AB: In one of your essays you talk about how when growing up you were constantly exposed to different dialects, which, depending on the environment, would change: at school everyone would speak the officially recognized language, at home you would speak Moroccan Darija, and in the media, you would hear other languages, based on the different existing dialects. In a way, I see how this is carried out in your practice: you allow for different readings of your works by the way you carve out different perspectives from within them. I’m curious about this strategy and why you think it’s important. 

SB: More than being exposed to different languages, it’s about realizing that they exist in a food chain. They eat, steal, hide, spit, chew, and step on each other. Some are perceived as being on top. French and Classical Arabic have a status that the Imazighen languages or Darija don’t have. But from a different perspective, Darija is not under the control of a canonized Institution such as l’Académie française, and that also has its advantages. As Ngugi Wa Thiong’o says: “In terms of language, English is very dominant vis-a-vis African languages. That in itself is a power relationship between languages and communities because the English language is a determinant of the ladder to achievement”. So I ask myself how does this vivarium of various languages live together in one same body and how they function in the online space.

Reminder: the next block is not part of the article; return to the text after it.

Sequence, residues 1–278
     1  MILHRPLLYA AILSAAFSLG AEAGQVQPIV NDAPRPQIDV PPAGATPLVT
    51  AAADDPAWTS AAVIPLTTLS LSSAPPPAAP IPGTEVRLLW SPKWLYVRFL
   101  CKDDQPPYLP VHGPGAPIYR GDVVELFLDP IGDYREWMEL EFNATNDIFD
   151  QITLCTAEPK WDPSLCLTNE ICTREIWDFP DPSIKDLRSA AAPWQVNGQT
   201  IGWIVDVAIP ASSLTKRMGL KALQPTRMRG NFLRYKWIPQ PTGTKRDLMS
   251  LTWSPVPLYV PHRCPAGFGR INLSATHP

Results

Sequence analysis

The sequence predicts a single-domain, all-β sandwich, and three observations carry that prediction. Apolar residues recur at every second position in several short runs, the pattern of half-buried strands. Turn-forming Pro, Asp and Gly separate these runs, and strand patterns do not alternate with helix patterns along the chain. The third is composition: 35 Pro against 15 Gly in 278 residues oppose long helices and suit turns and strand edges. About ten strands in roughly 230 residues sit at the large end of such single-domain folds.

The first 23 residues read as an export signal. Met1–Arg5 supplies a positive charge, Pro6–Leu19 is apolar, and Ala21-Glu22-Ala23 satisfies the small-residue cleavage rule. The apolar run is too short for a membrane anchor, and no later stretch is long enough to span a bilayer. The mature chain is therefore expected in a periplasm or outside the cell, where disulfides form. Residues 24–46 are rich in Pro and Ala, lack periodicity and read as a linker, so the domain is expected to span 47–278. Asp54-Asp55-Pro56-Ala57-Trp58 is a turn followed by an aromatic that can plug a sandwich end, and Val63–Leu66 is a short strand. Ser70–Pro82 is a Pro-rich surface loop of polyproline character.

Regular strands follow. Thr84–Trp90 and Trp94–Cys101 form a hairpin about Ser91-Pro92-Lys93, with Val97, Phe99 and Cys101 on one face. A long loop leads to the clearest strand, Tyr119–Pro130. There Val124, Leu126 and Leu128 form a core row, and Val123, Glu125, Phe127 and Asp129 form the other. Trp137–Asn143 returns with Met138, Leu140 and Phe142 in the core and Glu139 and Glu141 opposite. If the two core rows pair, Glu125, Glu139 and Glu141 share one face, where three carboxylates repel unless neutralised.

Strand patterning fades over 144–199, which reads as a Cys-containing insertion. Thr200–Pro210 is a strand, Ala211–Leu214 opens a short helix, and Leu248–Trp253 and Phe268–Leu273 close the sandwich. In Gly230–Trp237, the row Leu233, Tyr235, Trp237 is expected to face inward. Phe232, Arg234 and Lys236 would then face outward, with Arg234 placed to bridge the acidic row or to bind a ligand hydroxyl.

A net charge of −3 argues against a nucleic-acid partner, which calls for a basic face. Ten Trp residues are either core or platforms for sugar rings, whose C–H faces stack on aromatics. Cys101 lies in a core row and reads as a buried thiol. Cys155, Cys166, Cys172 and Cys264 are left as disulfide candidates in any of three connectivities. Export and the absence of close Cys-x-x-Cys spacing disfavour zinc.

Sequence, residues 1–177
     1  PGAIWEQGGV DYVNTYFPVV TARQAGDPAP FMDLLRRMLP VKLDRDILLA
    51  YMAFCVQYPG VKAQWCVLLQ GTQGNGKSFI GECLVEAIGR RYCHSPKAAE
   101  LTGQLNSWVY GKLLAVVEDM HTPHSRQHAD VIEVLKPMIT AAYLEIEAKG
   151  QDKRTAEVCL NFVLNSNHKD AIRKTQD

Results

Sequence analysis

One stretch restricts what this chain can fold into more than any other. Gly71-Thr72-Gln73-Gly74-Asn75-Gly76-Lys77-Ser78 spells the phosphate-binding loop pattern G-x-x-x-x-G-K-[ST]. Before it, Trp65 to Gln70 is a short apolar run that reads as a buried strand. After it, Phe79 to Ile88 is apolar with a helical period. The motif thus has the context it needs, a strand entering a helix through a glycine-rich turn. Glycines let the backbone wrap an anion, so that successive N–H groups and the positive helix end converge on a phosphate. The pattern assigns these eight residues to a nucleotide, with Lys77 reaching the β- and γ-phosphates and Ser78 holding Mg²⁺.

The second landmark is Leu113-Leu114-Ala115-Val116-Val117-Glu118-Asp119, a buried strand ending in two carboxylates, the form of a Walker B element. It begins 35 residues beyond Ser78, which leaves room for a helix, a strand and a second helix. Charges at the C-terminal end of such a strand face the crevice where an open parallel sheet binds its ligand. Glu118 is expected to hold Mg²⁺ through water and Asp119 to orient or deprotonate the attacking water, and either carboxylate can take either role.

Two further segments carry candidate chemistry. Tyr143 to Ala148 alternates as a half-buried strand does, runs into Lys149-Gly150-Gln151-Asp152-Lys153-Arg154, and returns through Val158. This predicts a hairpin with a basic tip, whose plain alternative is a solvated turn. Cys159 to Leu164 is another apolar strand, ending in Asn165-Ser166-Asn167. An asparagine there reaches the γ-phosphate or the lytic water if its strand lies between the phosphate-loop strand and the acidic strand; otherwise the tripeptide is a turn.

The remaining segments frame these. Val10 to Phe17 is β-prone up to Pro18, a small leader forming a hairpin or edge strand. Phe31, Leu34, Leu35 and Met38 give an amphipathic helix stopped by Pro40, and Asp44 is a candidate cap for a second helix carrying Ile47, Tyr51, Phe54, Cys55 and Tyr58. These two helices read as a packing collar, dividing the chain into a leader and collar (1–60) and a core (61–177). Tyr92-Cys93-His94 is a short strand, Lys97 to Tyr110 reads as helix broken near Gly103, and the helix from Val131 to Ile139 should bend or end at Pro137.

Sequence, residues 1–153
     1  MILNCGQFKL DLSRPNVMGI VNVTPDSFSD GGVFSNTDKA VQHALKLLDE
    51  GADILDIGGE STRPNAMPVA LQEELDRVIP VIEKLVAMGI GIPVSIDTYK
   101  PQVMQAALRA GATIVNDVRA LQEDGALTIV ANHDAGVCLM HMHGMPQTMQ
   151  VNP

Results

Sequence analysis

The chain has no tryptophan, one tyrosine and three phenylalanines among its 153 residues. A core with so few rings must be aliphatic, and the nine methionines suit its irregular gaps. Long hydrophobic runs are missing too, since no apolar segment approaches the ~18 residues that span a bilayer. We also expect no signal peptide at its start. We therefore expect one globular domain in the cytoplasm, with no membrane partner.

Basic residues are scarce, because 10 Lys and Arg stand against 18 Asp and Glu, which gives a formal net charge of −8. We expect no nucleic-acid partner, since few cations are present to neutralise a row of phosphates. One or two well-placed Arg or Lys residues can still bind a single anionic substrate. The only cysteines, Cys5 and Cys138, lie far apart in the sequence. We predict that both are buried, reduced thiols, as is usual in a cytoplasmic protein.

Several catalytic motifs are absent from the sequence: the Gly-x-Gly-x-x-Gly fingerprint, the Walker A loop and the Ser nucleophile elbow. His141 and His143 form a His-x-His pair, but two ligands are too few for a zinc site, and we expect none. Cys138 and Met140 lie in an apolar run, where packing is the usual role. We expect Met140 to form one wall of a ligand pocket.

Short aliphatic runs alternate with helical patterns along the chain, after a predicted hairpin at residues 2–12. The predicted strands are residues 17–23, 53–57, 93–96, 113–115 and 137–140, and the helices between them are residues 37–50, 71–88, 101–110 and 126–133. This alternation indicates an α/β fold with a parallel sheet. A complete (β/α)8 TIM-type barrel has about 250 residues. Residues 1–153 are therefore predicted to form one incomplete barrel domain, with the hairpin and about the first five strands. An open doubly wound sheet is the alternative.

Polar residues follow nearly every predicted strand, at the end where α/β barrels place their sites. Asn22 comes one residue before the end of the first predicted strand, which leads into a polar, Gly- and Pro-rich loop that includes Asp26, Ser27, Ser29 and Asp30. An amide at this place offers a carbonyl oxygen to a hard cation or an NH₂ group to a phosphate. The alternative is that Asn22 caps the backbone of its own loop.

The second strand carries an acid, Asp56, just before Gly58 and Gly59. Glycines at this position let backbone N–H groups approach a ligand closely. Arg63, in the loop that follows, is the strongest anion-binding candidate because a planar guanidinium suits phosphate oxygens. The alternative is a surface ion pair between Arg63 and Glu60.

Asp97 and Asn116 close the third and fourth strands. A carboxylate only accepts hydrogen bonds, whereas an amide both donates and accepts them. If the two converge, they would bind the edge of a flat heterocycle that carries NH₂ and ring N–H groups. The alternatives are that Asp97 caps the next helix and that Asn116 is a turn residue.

AB:  Let’s talk a bit about the medium you use in your work. You’re often using 3d programs, videos, animations, AR, etc., but your work almost always materializes in installations which look “low res”  and which include unusual combinations of materials: clay sculptures, Ipads, stickers, TV structures made of MDF boards, etc. Can you tell me more about this?

SB: I tend to use materials that are immediately available to me. And I use tools like computer programs and phone apps because that’s what’s accessible to anyone with a computer and internet because I am interested in the social aspect of it: what does it mean to have 3 generations that have a smartphone? Or what does it mean to circulate an image through all three of them? I find it more organic; it’s a way to align myself to my environment instead of trying to reinvent the wheel.

If a piece works with low res materials, then it's enough. If not, an upgrade is needed. When you see works by David Hammons or Robert Filliou, you realize that in their fragility lays a big strength.